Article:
Researchers create electronic diodes that exceed 5G performance

Physicist David Storm and electrical engineer Tyler Growden are both engineers of the US Naval Research Laboratory. They have developed a new electronic component based on gallium nitride. Called Resonant Tunneling Diode (RTD), its performance exceeds the expected speed of 5G.

Storm and Growden's electronic component diode research findings have been published in the academic journal "Applied Physics Letters" on March 19, 2020. Growden said: "Our work shows that gallium nitride-based RTDs are not as slow as others have said, they are basically equivalent in frequency and output power to RTDs of different materials."

Diodes enable the extremely fast transmission of electrons using a phenomenon called quantum tunneling. In this tunneling, electrons generate electric current by moving through physical barriers, thereby exploiting their ability to act as both particles and waves.

Storm and Growden ’s designs for gallium nitride based diodes show record current output and switching speeds, making possible electromagnetic applications requiring millimeter-wave regions and terahertz frequencies, which may include communications, networking, and sensing.

The team developed a repeatable process to increase the yield of diodes to approximately 90%. The previous typical yield range was about 20%.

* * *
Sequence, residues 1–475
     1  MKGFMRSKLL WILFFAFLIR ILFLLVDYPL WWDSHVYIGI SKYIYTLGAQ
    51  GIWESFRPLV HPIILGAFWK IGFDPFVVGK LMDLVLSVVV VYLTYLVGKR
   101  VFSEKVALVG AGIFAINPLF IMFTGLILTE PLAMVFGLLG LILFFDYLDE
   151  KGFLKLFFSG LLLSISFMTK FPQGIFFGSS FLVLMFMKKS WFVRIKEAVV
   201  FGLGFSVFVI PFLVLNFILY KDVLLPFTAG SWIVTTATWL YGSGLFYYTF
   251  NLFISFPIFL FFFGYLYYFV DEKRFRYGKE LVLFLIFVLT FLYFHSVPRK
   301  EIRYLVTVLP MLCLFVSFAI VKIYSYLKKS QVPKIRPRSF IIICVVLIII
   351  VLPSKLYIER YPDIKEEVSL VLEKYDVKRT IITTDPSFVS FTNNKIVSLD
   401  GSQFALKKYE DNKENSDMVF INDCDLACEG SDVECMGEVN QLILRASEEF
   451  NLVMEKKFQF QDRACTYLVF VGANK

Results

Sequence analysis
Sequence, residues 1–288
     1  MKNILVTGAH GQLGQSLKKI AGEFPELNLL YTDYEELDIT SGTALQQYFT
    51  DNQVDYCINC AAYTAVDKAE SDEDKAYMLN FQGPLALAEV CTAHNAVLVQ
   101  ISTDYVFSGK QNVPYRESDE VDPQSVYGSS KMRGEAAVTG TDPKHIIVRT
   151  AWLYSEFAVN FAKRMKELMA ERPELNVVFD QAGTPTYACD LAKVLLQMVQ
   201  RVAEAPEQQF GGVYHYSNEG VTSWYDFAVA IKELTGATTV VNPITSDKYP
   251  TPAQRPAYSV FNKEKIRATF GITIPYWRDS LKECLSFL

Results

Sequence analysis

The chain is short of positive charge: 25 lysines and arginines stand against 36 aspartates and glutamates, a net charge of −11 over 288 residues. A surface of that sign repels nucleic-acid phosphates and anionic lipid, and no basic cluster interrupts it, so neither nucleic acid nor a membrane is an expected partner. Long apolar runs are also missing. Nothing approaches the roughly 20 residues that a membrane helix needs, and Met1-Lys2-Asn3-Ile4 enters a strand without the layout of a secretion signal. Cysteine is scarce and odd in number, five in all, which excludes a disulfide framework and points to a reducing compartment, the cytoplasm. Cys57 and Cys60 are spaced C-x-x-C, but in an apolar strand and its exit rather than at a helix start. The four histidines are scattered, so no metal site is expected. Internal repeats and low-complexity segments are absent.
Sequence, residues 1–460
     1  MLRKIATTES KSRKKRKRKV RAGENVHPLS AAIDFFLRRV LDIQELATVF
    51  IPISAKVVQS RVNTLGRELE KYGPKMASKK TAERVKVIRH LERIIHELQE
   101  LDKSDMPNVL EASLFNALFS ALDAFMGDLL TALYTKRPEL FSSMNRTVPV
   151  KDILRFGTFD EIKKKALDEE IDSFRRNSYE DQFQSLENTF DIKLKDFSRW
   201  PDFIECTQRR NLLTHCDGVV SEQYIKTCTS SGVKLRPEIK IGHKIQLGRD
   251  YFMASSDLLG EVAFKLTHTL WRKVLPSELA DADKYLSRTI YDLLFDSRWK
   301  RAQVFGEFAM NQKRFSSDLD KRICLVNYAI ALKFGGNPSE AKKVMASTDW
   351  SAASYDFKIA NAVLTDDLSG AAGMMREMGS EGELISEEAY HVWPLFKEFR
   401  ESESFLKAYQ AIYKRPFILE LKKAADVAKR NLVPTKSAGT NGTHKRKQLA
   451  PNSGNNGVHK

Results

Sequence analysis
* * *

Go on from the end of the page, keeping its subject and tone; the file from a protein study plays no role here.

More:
Storm said that it is very difficult to achieve efficient and operable tunneling devices because they require atomically sharp interfaces and are very sensitive to many sources of scattering and leakage. Sample preparation, uniform growth, and a controlled manufacturing process at each step are key factors for satisfactory diode results on the chip.

Storm said: "Until now, from a manufacturing point of view, GaN is still difficult to use. Our high yield is as simple as falling from a log, which is largely due to our design."

Storm and Growden said they are committed to continue to improve their RTD design to improve current output without losing power potential. They performed this work with colleagues at Ohio State University, White State University, and industry partners.

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